The American astronaut who will hitch the first ride on a Russian rocket since last month’s aborted launch and dramatic emergency landing is confident that her scheduled trip in December on a rocket that she calls a “workhorse” will go smoothly.

Astronaut Anne McClain, along with a Russian cosmonaut and a Canadian astronaut, will man the Dec. 3 mission. It will be the Russian-made Soyuz-FG’s first crewed flight since Oct. 11, when U.S. astronaut Nick Hague and a Russian cosmonaut landed unharmed on the Kazakh desert steppe after the rocket bound for the International Space Station failed in mid-air two minutes after liftoff.

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Specialists watch broadcasts from the Soyuz spacecraft showing astronaut David Saint-Jacques of Canada, Oleg Kononenko of Russia and astronaut Anne McClain of the U.S. attending the final qualification training for their upcoming space mission in Star City near Moscow, Russia. VOA

The National Aeronautics and Space Administration has relied on Russian rockets to ferry astronauts to the space station since the United States retired its Space Shuttle program in 2011, though the agency has announced plans for test flights carrying two astronauts on commercial rockets made by Boeing and SpaceX next April.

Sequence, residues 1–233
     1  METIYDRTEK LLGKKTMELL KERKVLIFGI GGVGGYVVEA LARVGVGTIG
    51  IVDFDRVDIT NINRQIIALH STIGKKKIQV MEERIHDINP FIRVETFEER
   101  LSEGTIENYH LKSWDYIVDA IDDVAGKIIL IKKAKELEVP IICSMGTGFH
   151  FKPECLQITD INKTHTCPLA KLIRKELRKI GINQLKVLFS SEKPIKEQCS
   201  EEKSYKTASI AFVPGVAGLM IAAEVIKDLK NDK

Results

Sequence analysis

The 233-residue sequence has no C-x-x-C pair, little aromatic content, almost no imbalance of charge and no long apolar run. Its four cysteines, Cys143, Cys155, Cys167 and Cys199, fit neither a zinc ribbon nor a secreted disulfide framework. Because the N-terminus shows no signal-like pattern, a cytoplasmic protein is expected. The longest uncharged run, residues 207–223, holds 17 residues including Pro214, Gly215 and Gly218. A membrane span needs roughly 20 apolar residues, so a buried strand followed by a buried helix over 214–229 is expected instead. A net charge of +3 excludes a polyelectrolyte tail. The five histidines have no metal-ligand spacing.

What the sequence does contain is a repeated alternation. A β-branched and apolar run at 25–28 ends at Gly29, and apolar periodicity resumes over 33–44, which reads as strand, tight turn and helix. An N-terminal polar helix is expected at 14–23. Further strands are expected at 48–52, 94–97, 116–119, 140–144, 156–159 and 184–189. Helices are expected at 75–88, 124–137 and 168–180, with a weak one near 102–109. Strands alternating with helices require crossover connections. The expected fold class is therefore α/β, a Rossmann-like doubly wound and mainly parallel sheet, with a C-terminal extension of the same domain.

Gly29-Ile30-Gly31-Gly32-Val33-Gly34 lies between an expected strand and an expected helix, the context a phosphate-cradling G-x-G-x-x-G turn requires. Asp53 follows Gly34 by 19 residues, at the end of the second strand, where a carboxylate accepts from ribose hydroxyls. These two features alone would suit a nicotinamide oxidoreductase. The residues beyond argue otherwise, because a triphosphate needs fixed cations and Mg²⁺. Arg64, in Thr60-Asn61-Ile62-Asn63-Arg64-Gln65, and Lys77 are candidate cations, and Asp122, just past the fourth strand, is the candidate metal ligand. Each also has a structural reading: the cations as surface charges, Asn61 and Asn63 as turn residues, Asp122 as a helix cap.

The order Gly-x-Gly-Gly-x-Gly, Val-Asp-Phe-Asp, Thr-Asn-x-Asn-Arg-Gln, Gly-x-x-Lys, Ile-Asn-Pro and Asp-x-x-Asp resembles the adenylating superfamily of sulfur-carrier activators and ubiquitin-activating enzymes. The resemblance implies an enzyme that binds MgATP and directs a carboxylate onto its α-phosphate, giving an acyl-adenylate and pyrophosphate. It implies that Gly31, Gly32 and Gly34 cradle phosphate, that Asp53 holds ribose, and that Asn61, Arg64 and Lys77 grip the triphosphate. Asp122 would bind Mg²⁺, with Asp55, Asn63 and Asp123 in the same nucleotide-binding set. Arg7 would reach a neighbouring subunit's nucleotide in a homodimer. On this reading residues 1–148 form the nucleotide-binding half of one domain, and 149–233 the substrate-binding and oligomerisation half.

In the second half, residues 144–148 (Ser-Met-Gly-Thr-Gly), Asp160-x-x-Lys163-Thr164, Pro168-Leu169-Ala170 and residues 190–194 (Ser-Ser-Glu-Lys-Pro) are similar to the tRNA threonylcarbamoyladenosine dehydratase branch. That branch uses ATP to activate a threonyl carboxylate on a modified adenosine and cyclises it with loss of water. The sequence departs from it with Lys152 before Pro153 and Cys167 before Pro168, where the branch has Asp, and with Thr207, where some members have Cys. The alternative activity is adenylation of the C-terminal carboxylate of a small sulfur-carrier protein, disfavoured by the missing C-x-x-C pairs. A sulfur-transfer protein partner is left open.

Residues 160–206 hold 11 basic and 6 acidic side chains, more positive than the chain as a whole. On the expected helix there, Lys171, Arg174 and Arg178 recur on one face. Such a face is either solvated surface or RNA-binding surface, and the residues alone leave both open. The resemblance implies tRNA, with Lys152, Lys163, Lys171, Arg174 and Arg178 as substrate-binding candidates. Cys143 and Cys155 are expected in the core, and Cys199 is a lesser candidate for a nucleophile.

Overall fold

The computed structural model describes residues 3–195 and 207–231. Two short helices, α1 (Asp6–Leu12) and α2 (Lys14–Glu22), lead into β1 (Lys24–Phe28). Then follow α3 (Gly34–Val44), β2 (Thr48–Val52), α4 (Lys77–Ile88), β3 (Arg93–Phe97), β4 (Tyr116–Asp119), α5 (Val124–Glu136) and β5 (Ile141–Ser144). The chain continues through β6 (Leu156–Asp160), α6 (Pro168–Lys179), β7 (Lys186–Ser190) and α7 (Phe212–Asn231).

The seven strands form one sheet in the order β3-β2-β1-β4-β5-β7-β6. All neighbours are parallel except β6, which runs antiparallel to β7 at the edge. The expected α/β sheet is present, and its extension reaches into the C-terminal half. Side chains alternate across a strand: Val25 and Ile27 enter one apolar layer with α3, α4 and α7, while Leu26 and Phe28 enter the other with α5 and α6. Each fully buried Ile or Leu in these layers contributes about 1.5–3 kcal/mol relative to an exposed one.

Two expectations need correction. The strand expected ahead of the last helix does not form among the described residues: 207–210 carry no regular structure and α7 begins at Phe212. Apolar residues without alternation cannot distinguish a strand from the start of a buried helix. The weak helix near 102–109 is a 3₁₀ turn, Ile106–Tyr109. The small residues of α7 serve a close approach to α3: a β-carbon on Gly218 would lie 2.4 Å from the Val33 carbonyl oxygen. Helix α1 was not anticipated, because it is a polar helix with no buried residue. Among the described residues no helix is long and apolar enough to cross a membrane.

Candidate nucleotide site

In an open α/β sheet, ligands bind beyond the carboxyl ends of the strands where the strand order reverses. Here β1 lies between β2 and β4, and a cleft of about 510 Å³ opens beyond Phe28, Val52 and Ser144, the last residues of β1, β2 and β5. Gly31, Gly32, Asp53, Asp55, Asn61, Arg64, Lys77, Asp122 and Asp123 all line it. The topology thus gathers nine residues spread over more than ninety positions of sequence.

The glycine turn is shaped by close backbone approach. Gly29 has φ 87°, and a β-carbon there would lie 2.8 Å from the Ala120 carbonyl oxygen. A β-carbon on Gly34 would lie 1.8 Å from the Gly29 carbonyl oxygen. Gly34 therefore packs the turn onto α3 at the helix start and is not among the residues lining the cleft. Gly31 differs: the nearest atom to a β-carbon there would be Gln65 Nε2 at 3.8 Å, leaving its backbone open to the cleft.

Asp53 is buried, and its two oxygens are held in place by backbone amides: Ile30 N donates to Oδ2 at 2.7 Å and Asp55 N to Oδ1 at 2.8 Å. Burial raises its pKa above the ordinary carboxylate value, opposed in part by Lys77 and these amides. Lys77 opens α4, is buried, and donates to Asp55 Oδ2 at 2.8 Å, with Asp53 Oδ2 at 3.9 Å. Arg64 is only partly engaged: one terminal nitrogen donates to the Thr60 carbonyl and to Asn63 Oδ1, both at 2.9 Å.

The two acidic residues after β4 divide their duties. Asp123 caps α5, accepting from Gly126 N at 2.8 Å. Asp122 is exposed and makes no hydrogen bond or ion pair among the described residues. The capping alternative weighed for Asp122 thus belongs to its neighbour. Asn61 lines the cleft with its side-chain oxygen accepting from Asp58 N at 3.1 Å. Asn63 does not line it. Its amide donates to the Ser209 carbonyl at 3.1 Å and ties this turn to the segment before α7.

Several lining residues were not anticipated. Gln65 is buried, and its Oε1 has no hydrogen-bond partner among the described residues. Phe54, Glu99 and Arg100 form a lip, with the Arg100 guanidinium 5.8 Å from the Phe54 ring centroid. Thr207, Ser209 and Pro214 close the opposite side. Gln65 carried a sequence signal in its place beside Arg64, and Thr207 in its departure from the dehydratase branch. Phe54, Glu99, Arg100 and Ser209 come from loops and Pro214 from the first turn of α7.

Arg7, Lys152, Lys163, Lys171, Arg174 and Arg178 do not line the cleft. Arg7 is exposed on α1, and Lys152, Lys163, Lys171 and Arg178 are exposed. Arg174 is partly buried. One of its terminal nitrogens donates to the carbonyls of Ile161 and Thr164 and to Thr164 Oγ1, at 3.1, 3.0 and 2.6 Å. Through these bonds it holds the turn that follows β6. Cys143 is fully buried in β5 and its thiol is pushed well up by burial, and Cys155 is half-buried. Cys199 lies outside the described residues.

“I do see the incident that happened on Oct. 11 with our launch abort not as a failure but as a success,” McClain told Reuters in a telephone interview from Russia. “It actually bolsters my confidence in the rocket and in the processes that we have.

“We’re confident in the vehicle and getting back to it,” McClain said of the Soyuz rocket, which she called “the workhorse of the space program.”

After lifting off from Kazakhstan’s Soviet-era cosmodrome of Baikonur last month, a damaged sensor caused one of the rocket’s three booster stages to separate improperly, falling inward on the rocket and jolting it off its ascent two miles above ground, Russian investigators announced earlier this month.

Russian Rocket
The Soyuz MS-10 spacecraft carrying the crew of astronaut Nick Hague of the U.S. and cosmonaut Alexey Ovchinin of Russia blasts off to the International Space Station (ISS) from the launchpad at the Baikonur Cosmodrome, Kazakhstan. VOA

During Assembly

Video from inside the capsule showed the two men being shaken around at the moment the failure occurred, their arms and legs flailing. Russian cosmonaut Alexei Ovchinin can be heard saying, “That was a quick flight.”

The accident was the first serious launch problem experienced by a crewed Soyuz space mission since 1983, when a crew narrowly escaped before a launchpad explosion.

Also Read: NASA Grants $7 Mn For New Life Detection

In August, a hole appeared in a Soyuz capsule docked to the ISS that caused a brief loss of air pressure and had to be patched. Dmitry Rogozin, head of the Russian space agency Roscosmos, has said that it could have been made deliberately by someone during manufacturing or while the craft was in space.

McClain and two other crewmates will launch from the same launchpad in Baikonur, joining the space station’s current three-person crew. (VOA)